Bologna’s ambitious Local Digital Twin is taking shape

25 October 2023

The idea of a ‘digital twin’ was born at NASA in the 1960s as a ‘living model’ of the Apollo space mission. Back then, NASA created simulators to assess the impact of oxygen tank failure, expanding a physical model of the spacecraft to incorporate digital elements.

Today, our understanding of the term is much more complex, and Bologna is fully grasping the many opportunities it offers. Bologna has committed to become the most progressive city in Italy, and they will be relying on a local digital twin to achieve this goal.

“Our objective is to create a more just, fair, and sustainable city,” says Stefania Paolazzi, Policy Advisor in Bologna, “and find a new sustainable development model that addresses economic, social and environmental challenges.”

To reach this target, the municipality is relying on the implementation of major strategies and investments that will bring about the social, environmental and technological transition of the city, while also enhancing its historic values.

​For example, Bologna is one of over 100 cities committed to achieving climate neutrality by 2030. The city is investing in new mobility, education and information, energy efficiency, waste management and urban greening. On this last point, the ‘Green Footprint’ project aims to enhance the well-being and quality of life for local residents by constructing a vast green infrastructure that envelops the entire city.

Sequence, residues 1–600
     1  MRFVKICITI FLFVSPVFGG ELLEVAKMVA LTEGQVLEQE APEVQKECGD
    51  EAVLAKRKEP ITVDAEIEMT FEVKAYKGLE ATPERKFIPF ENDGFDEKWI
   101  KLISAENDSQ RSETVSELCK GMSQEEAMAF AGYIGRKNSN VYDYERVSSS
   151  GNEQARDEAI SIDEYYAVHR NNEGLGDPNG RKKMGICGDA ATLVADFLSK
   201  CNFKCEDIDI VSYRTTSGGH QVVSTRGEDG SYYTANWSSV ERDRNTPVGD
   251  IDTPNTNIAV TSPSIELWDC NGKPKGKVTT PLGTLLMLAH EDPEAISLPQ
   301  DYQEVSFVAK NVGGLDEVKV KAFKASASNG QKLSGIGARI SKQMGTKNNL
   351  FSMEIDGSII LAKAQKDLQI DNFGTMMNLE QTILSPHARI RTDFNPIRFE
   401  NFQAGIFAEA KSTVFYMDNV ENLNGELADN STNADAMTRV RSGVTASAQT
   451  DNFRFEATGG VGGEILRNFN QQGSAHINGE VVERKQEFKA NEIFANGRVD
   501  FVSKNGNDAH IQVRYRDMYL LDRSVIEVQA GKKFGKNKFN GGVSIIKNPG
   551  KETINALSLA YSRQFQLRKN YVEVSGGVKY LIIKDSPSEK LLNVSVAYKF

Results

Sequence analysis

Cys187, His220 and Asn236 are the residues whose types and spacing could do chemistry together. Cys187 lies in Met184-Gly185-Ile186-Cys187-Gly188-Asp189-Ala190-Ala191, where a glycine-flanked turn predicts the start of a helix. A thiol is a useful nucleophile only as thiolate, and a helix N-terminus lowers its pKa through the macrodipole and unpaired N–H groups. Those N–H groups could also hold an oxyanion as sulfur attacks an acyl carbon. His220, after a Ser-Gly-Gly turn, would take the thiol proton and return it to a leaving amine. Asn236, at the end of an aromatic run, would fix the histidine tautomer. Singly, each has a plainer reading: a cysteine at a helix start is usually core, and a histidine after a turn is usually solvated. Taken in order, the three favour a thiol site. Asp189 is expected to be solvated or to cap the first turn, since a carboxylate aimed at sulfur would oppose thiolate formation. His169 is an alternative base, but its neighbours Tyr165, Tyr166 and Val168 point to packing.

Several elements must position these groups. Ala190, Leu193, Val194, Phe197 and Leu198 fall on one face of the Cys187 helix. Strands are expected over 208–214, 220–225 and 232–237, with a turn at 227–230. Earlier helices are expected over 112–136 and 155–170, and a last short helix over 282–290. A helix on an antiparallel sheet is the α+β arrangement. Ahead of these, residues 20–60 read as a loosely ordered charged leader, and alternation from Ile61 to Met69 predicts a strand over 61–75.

A view of Bologna
Bologna. Photo by Petr Slovacek

The ‘City of Knowledge’ strategy seeks to shift the city’s economic and social development towards a knowledge-based dimension, involving the redevelopment of a substantial city area and the implementation of active policies. Simultaneously, to address the pressing housing crisis, Bologna has launched the ‘Plan for Housing,’ with a bold target of building ten thousand new homes over the next decade.

According to Paolazzi, “the local digital twin will support decision-making into tackling these challenges and developing these strategies.”

Slow and steady

“There are many cities that already have a local digital twin,” she explains, “but no one has a complete working model.” At least, not for now. But this is what the Italian city has set out to do in the next three years. “We want to have a complete model of digital twin, meaning we want to include not only the physical world, but also the social interactions and the different urban systems,” says Paolazzi. 

Learning from the experiences of other cities that are experimenting with local digital twins or components of it, such as Barcelona with their 15 minute city platform, or Helsinki’s 3D city models, Bologna has spent the last year planning in detail how their digital twin will come to life.

A political project

“The digital twin for us is not just a technological project, but a strategic, political one,” states Paolazzi.

The project is led by the administration and based on a pact with all city actors with the aim of sharing data, imagining new solutions and implementing them together.